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Started: 2019-12-15 14:37:52

Submitted: 2019-12-15 22:43:47

Visibility: World-readable

In which the intrepid narrator goes digging to find the site of a suspiciously-familiar residential intersection he photographed eighteen years ago

As part of my photo scrub, I ran across the pictures I took on my first visit to Seattle, with Kiesa, on Labor Day in 2001. I remembered driving to Ballard and visiting the locks. I did not remember taking this picture, of a traffic circle at a four-way intersection somewhere in Seattle.

traffic circle in seattle
traffic circle in seattle

This picture nagged at me because it looks like it belongs in Wallingford — and I didn't remember visiting Wallingford on that trip. My digital camera at the time was a point-and-shoot Nikon Coolpix 900, with a full resolution of 1280x960. I zoomed in on the obvious street sign and tried to figure out what it said. If I squinted, I could kind of make out "Densmore Ave N". Densmore Ave is a street running north-and-south through Wallingford, three blocks west of my house — so that sounded either convenient that I found the street in question, or suspicious that I was projecting names I recognized onto street signs I couldn't really read. I couldn't identify the cross street at all.

My next step was to look for traffic circles on Densmore Ave on Google Maps. I zoomed into each marked traffic circle in Street View. Of the three obvious traffic circles visible on Google Maps (at 36th, 38th, and 39th) none of them looked very much like the traffic circle in the picture.

Then I looked at the context of the picture. Just a minute later, according to the timestamp on the picture, I took a picture I identified as Asteroid Cafe, with a large rock on the roof, presumably the cafe's eponymous asteroid. Assuming I didn't time-travel, the cafe must be close to the traffic circle.

asteroid cafe in seattle
asteroid cafe in seattle

But finding Asteroid Cafe, eighteen years ago, proved easier said than done. Searching Google for it revealed my photo as the third result, which was somewhat less helpful than I was hoping for. I learned that it had moved from Wallingford to Fremont in 2006, then closed two years later in 2008 — and then I found a review from The Stranger in 2000 that gave the address on 45th Street in Wallingford. A couple of reviews mentioned the asteroid decorating the roof; and I found a Street View photo from 2011 showing the same building, without the asteroid, after the cafe moved out but before the building was redeveloped, rendering the site unrecognizable today. (The tower pictured in the background does still exist, at the top of the building on the corner of N 45th Street at Densmore Ave N.)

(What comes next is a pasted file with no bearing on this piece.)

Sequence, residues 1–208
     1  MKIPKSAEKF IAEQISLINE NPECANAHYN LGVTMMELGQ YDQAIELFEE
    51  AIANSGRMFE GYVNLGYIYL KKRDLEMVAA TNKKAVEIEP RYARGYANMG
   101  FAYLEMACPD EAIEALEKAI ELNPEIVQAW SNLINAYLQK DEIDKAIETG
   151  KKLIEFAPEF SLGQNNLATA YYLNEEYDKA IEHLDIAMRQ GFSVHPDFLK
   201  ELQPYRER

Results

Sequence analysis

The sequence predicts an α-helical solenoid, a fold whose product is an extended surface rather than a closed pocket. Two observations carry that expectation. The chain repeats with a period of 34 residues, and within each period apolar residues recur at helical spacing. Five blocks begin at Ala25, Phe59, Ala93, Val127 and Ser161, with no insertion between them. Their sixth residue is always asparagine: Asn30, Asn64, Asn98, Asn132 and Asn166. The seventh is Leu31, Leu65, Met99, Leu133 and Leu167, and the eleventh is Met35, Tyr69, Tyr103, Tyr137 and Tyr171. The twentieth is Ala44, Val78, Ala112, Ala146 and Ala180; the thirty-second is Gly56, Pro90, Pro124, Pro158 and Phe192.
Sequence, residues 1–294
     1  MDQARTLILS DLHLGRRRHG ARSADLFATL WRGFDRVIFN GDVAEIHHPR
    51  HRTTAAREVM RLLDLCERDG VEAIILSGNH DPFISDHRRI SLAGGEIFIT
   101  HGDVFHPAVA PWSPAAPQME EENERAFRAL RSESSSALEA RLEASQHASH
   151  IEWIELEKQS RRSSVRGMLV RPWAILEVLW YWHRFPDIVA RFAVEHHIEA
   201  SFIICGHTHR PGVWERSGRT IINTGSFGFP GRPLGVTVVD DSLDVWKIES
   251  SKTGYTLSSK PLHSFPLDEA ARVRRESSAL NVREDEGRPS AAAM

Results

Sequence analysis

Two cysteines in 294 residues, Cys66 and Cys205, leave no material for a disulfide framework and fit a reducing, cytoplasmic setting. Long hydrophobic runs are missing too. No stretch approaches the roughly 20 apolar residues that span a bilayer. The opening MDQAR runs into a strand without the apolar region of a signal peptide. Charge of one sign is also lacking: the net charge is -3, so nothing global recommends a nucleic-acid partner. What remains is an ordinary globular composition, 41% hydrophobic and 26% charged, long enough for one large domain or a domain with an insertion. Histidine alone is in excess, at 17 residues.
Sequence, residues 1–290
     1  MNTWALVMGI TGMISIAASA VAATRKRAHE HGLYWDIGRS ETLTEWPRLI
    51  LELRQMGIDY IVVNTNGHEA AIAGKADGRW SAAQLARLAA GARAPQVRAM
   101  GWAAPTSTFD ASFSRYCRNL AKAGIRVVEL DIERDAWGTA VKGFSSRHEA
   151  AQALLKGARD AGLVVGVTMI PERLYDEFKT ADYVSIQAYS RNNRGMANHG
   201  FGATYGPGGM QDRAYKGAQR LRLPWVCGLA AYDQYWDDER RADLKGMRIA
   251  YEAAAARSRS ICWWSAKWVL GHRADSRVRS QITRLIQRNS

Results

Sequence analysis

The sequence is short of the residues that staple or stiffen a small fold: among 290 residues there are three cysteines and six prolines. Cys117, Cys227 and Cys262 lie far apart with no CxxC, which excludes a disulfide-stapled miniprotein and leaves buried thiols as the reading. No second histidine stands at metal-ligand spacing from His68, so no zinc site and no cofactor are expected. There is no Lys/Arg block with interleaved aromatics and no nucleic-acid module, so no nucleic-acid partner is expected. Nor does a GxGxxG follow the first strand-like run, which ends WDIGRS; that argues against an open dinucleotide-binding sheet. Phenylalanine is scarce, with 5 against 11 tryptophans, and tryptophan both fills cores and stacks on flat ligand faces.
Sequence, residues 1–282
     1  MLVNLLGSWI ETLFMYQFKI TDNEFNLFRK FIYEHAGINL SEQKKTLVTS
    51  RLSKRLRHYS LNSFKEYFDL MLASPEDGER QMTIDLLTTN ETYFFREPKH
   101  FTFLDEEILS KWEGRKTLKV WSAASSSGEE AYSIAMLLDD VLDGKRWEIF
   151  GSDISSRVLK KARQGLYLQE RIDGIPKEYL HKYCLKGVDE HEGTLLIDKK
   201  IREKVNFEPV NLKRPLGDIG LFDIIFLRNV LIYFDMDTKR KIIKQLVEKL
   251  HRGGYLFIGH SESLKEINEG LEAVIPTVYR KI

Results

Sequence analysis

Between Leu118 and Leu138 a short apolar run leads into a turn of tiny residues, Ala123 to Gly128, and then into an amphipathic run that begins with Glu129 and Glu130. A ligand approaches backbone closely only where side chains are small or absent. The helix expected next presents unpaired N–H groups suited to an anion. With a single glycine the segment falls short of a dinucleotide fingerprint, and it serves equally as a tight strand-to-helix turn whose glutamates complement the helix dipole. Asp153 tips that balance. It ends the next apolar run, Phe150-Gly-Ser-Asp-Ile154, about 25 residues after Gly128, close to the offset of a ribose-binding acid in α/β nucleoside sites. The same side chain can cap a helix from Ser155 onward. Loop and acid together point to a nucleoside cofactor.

Street view at 1605 N 45th Street in 2011
Photo: Google Street view at Sutra at 1605 N 45th St in July 2011

The next obvious question was: where was the traffic circle? Google Maps didn't show traffic circles on Densmore Ave N on either side of N 45th Street, but they were clearly visible in the satellite photo — and when I switched to street view I recognized the intersection, at the corner of Densmore Ave N and N 44th Street. The shrub above the stairs had grown much taller, obscuring the house from the street; but it was clearly the same place. Eighteen years ago I took the original picture standing on the north side of N 44th Street, looking east across the intersection, facing the house on the south-east side of the intersection.

Street view at 4330 Densmore Ave N
Photo: Google Street view at 4330 Densmore Ave N in May 2018

This was, it turned out, a half-mile from my house. Seattle is now enjoying the gloom and dark of the dead of winter, so daylight hours have shrunk to my working hours (to the extent that the pallid light that occasionally escapes the clouds between 08:00 and 16:00 with the sun climbing a feeble 24° above the horizon at solar noon can still be considered "daylight"). It rained all day Saturday, trapping me inside the house, so it wasn't until Sunday (today) that I had the chance to leave the house (though still in a weak drizzle) to walk the half-mile across Wallingford to check out the site myself. I confirmed the sighting: standing on the north side of the street I could replicate the view, though the tree in the traffic circle had gone dormant for the squamous winter and the twin yew shrubs, still evergreen in the winter, flanking the stairs had grown large enough to envelop the path leading up from the sidewalk and shield the entire house — including the distinctive second-floor windows and the arrangement of its chimneys — from view.

Traffic circle at Densmore Ave N and N 44th St in Seattle
Traffic circle at Densmore Ave N and N 44th St in Seattle

All of this (and the purple prose explicating it, contained herein at extravagant length) left only one question: What was I doing in Wallingford on the afternoon of Labor Day 2001? My contemporaneous journal entry gave the answer: after Ballard, apparently guided by an AAA guidebook:

We headed to the U District stopped along the way at the Asteroid Cafe, complete with a large rock on the roof. It was closed, thwarting our attempts to eat lunch.

With that mystery solved, I am amused that, eighteen years ago, I dropped by Wallingford on my way though Seattle — and that I can hunt down the exact location of a random photo I took with the help of the Internet.